Fairly recently, Apple has mandated that employees return to the office a minimum of three days a week. This has been met with much-publicized resistance. Opponents cite improved work-life balance during the pandemic, decreased stress levels, and happier employees because of having the choice to work from home as often as they’d like.
Apple is reportedly considering lessening their work from the office requirement, as have other companies.
While it can’t be quantified at Apple or any other company which has mandated a return to the office, many disgruntled employees who return to their cubicles will undoubtedly join the ranks of the quiet quitters.
Who does quiet quitting hurt more — employees or employers?
There is little doubt that quiet quitters are not only hurting inside, but they may be jeopardizing their careers. As motivational speaking legend Zig Ziglar once said, “Your attitude determines your altitude.”
Quiet quitters not only hurt their chances for advancement within the company, but they also hurt their chances of being awarded more than a cost-of-living increase annually at large companies and little or no increase at small to medium-sized companies.
No advancement and no raise equals lost financial opportunity for the employee and their family, which is always painful, but perhaps even more so now during a period of high inflation and rising interest rates.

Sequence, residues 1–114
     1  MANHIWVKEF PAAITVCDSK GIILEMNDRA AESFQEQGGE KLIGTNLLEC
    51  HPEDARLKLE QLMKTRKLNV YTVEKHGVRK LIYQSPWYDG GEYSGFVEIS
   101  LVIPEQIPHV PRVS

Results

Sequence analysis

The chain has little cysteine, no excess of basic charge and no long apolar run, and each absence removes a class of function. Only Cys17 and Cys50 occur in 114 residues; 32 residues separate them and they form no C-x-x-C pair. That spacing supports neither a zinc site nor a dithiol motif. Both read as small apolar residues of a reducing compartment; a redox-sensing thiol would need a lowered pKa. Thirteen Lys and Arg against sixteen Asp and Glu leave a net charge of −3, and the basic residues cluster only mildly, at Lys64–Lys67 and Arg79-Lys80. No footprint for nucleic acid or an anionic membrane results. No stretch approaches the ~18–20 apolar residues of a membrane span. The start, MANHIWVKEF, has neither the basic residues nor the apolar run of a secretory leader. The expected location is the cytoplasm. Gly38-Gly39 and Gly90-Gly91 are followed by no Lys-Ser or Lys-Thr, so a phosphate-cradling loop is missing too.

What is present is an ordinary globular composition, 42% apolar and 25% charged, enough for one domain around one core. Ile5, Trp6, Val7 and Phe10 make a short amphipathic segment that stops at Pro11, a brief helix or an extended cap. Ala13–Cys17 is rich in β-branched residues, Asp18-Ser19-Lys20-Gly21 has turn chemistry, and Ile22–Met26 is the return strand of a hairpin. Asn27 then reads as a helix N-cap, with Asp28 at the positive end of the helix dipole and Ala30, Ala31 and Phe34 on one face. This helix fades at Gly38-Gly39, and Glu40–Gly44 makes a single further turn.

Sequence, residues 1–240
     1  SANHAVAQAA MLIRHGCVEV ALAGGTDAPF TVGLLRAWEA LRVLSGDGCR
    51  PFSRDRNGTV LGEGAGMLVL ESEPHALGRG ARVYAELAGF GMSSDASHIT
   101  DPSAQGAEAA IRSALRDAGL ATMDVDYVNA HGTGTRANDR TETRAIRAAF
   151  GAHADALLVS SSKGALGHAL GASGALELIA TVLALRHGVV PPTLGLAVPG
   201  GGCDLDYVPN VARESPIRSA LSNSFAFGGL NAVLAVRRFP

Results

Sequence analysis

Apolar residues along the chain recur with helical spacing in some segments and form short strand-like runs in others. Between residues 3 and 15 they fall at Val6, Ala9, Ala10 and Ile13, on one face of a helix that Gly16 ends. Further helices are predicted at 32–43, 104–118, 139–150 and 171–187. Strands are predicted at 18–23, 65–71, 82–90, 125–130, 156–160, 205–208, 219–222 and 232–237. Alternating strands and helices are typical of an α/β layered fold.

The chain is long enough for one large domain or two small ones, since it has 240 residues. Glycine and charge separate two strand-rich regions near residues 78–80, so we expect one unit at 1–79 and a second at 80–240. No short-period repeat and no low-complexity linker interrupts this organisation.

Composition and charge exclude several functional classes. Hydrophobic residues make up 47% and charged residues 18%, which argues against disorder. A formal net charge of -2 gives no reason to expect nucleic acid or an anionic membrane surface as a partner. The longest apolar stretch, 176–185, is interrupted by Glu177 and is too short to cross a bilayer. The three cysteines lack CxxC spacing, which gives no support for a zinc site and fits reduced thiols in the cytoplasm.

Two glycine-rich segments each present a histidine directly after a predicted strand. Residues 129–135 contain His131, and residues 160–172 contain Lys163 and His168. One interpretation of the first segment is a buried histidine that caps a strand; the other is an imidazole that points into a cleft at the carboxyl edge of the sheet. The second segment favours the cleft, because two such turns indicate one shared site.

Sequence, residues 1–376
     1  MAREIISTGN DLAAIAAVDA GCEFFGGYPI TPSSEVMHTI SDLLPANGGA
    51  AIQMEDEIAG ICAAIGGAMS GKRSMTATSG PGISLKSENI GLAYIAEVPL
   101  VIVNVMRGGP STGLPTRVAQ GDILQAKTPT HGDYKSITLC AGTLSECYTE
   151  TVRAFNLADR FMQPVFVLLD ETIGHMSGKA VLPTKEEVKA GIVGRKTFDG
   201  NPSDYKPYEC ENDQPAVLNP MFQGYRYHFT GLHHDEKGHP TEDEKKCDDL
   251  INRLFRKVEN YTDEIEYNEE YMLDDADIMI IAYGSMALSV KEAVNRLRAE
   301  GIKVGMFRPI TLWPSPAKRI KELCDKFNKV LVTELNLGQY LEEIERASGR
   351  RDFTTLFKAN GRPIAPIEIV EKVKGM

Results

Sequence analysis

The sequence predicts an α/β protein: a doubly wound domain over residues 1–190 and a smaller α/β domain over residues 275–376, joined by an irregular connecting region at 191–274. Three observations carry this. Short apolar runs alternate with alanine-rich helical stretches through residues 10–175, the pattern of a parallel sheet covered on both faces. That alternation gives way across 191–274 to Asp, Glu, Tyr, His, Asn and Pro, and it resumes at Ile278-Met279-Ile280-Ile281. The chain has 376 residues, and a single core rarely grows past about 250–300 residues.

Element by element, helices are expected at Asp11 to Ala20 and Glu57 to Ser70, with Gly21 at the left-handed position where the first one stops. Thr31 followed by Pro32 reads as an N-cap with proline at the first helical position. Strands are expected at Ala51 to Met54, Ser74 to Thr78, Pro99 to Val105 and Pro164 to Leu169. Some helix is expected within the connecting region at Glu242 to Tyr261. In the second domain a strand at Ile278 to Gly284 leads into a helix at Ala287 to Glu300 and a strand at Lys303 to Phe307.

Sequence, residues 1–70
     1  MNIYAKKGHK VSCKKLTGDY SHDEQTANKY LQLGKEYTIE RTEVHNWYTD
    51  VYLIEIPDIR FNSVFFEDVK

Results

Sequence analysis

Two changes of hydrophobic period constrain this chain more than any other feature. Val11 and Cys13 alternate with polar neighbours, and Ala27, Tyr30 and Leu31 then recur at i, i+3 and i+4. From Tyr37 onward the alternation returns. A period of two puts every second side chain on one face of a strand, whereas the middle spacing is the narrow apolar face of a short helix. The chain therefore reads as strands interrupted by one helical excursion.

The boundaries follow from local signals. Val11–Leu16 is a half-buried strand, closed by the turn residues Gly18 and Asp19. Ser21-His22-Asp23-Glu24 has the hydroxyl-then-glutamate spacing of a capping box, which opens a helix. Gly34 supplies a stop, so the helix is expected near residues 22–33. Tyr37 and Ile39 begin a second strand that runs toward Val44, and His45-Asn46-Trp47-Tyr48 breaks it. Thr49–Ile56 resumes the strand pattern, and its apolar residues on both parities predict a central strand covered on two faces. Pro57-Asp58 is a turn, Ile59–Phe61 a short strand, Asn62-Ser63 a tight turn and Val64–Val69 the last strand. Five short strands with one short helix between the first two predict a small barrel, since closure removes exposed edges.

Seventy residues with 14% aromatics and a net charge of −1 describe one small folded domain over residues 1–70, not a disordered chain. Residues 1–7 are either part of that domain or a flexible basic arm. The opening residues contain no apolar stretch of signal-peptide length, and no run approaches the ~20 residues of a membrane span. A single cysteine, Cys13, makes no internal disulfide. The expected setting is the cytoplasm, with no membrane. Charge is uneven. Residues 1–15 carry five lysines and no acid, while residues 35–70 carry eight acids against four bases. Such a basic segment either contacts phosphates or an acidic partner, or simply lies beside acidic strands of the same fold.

Quiet quitting is also not a victimless decision. A decline or stagnation of employee productivity and attitudes directly impacts a company’s profitability. Quiet quitters who are customer-facing can also negatively affect customer satisfaction levels, which erodes confidence in the company by everyone, including customers, employees, and management.
There are clearly no winners with quiet quitting unless it is a catalyst for change.
Is quiet quitting a fad or here to stay?
There are no doubt managers who have also become quiet quitters, but most managers have risen to that level because they have the “above and beyond” mentality. They may very well be the key to remedying quiet quitting.
Like a skilled doctor diagnoses and improves the health of as many patients as possible, so must a company’s leadership team get to the root of what is causing quiet quitting in their company and deal with it.
Managers must realize that different employees have different reasons for becoming quiet quitters. While one employee may be struggling with childcare issues caused by rising costs and the return to the office, another may be resentful of not having had a pay increase for several years.
Managers will only reduce quiet quitting within their company by listening to employees individually and collectively, acknowledging the validity of their concerns, and addressing those concerns by taking positive action.
Perhaps it’s providing daycare at work, improving pay, increasing the frequency of merit increases, or being more flexible by allowing employees to choose when and where they work. Attentive management will do its best to meet the needs of its internal customers.